A gunman suspected of killing three children and a rabbi at a Jewish school wounded three police officers in a shoot-out at a house in Toulouse in southwestern France on Wednesday and said he was a member of Al-Qaeda.
Interior Minister Claude Gueant said the man targeted in the raid was a 24-year-old man who had visited Afghanistan and Pakistan, and had shot dead the four out of revenge for France's military involvement abroad. Authorities suspect he also killed three soldiers of North African origin last week.
President Nicolas Sarkozy, campaigning for re-election in a presidential poll in five weeks time, has blamed racism for Monday's school attack. His handling of the crisis could be a decisive factor in determining how the French people vote.
"He claims to be a mujahideen and to belong to al Qaeda," Gueant told journalists in Toulouse, referring to the gunman.
"He wanted revenge for the Palestinian children and he also wanted to attack the French army because of its foreign intervention."
France has troops in Afghanistan as part of NATO forces.
Gueant did not say how they had tracked the man down, but that police were talking to his brother at a separate location in connection to the killings.
His mother had also been brought to the scene to help negotiate with the man, who is holed up in a small apartment building in the leafy neighbourhood.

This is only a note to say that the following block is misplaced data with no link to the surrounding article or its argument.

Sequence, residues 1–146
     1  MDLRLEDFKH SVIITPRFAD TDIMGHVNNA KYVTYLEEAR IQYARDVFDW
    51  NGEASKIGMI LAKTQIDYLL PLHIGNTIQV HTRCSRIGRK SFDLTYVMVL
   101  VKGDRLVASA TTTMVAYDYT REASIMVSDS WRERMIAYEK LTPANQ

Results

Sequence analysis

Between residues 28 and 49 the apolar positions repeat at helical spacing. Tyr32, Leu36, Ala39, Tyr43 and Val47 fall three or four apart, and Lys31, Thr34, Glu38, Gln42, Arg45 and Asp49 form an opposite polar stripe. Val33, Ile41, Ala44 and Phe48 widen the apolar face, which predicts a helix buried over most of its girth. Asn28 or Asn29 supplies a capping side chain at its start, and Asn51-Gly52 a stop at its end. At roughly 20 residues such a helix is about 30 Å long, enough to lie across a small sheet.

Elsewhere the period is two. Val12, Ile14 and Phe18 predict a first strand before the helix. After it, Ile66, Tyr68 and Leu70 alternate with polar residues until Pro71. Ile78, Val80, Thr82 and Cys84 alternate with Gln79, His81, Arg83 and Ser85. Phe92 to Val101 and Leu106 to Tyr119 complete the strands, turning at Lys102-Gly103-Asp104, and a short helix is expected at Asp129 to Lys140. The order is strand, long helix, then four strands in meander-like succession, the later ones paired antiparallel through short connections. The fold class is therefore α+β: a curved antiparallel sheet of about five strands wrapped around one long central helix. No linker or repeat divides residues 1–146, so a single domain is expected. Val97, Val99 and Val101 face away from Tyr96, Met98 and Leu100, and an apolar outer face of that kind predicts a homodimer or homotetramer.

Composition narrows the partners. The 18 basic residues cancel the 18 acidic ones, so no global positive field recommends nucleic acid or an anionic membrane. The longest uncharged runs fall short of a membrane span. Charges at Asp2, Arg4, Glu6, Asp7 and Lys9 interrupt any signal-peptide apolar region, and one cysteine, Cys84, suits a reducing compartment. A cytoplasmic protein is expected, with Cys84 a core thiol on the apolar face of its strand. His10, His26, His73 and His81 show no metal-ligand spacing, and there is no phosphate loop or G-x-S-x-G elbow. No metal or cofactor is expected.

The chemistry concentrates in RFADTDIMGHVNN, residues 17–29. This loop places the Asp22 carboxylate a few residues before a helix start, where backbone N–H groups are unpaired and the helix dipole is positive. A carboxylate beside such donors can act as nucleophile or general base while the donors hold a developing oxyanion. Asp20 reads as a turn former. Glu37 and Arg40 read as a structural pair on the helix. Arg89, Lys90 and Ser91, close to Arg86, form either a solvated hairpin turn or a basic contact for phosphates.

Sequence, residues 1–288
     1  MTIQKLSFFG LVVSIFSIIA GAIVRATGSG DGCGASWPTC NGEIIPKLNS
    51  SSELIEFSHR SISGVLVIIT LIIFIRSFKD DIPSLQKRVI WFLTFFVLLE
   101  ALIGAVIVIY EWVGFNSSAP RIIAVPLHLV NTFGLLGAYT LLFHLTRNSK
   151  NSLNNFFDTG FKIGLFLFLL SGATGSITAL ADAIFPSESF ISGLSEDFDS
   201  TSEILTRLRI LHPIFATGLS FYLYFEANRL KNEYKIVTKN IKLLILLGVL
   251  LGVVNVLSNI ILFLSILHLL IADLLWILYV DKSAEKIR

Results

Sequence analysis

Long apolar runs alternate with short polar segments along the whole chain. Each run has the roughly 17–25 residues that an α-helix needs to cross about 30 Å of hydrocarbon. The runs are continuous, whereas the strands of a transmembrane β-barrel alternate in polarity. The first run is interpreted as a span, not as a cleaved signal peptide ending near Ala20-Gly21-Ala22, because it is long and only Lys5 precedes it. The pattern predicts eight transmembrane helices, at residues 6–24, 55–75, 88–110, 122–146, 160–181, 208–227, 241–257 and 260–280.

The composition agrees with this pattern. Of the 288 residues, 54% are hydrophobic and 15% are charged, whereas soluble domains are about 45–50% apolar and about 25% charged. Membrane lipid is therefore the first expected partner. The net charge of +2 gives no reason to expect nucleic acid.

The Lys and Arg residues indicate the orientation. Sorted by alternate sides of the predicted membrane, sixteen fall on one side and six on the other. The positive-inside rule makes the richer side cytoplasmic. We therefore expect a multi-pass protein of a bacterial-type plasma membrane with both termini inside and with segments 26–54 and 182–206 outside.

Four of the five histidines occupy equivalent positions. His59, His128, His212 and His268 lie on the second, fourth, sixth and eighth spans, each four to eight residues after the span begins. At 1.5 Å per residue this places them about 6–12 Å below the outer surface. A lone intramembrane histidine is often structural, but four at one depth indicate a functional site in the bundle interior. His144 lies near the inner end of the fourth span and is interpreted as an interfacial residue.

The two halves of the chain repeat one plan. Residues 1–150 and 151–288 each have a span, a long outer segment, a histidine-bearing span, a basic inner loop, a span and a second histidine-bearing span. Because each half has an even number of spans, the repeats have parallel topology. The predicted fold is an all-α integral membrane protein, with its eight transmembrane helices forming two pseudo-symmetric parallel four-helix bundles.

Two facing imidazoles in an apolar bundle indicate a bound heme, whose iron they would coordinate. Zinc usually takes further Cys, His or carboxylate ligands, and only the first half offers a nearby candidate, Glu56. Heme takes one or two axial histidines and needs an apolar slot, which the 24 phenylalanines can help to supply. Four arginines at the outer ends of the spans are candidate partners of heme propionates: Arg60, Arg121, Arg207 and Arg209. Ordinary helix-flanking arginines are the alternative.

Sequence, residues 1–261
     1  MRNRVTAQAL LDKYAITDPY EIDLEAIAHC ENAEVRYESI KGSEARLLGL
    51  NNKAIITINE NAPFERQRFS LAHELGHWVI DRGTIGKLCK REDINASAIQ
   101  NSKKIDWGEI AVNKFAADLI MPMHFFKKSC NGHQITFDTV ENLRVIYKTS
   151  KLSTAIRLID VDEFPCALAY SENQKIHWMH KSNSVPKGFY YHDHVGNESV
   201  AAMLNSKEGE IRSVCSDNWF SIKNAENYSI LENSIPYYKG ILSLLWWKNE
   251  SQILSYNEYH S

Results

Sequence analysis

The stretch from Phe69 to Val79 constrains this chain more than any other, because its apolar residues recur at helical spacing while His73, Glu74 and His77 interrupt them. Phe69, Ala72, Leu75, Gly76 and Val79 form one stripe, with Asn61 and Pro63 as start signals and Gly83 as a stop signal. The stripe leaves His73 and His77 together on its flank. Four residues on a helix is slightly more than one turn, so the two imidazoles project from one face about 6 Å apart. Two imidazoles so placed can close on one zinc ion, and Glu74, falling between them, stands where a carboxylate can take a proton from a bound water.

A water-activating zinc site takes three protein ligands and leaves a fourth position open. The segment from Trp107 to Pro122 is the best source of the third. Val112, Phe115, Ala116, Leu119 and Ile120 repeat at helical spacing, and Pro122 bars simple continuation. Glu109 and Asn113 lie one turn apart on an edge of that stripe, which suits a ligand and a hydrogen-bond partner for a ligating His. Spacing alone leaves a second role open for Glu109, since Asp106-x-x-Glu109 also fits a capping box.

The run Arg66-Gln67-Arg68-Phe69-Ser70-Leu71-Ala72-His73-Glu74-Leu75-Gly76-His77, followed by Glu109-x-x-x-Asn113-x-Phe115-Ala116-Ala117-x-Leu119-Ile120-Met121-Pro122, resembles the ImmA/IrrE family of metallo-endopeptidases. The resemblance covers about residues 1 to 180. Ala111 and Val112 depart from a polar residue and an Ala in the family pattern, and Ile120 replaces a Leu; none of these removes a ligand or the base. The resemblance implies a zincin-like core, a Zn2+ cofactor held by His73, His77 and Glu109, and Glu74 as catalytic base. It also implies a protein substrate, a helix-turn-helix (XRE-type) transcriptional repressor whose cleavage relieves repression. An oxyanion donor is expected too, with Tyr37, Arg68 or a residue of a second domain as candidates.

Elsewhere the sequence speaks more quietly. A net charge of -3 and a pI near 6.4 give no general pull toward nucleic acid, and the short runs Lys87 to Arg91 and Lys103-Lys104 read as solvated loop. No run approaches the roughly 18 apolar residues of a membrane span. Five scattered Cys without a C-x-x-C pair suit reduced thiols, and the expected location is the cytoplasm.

Heavily armed police in bullet-proof vests and helmets cordoned off the area where the raid was taking place, in a suburb a few kilometres from the Ozar Hatorah Jewish school where Monday's shootings took place.
Reuters witnesses heard several shots at about 0440 GMT.
A police source said the police could launch an assault if the standoff lasted for some time. "There are more and more people around, so this creates a dangerous situation."
Gueant said Sarkozy had been informed of the raid which began at 3:00 a.m. (0200 GMT). When he was the mayor of an upmarket Paris suburb, Sarkozy helped negotiate the end of a hostage crisis involving several children. It has been credited with boosting his political career.
Immigrants and Islam have been major themes of the campaign as Sarkozy tried to win over the voters of far-right leader Marine Le Pen. Analysts say the shootings could transform the election debate and possibly tone down the populist rhetoric.
Jean Marc, a 56-year-old restaurant owner in the city who declined to give his last name, said he believed the crisis would benefit the far right or Sarkozy in the election.
"The Socialists don't talk about this stuff and it shows they don't know what they are doing," he said. "They (the police) need to get this guy."
Earlier on Wednesday, police sources told Reuters that a man had been arrested at a separate location in connection with the killings.
Authorities believe that the gunman in the school shooting was the same person responsible for killing three soldiers of North African origin in two shootings last week in Toulouse and the nearby town of Montauban.
The same Colt 45 handgun was used in all three attacks and in each case the gunman arrived on a Yamaha scooter with his face hidden by a motorcycle helmet.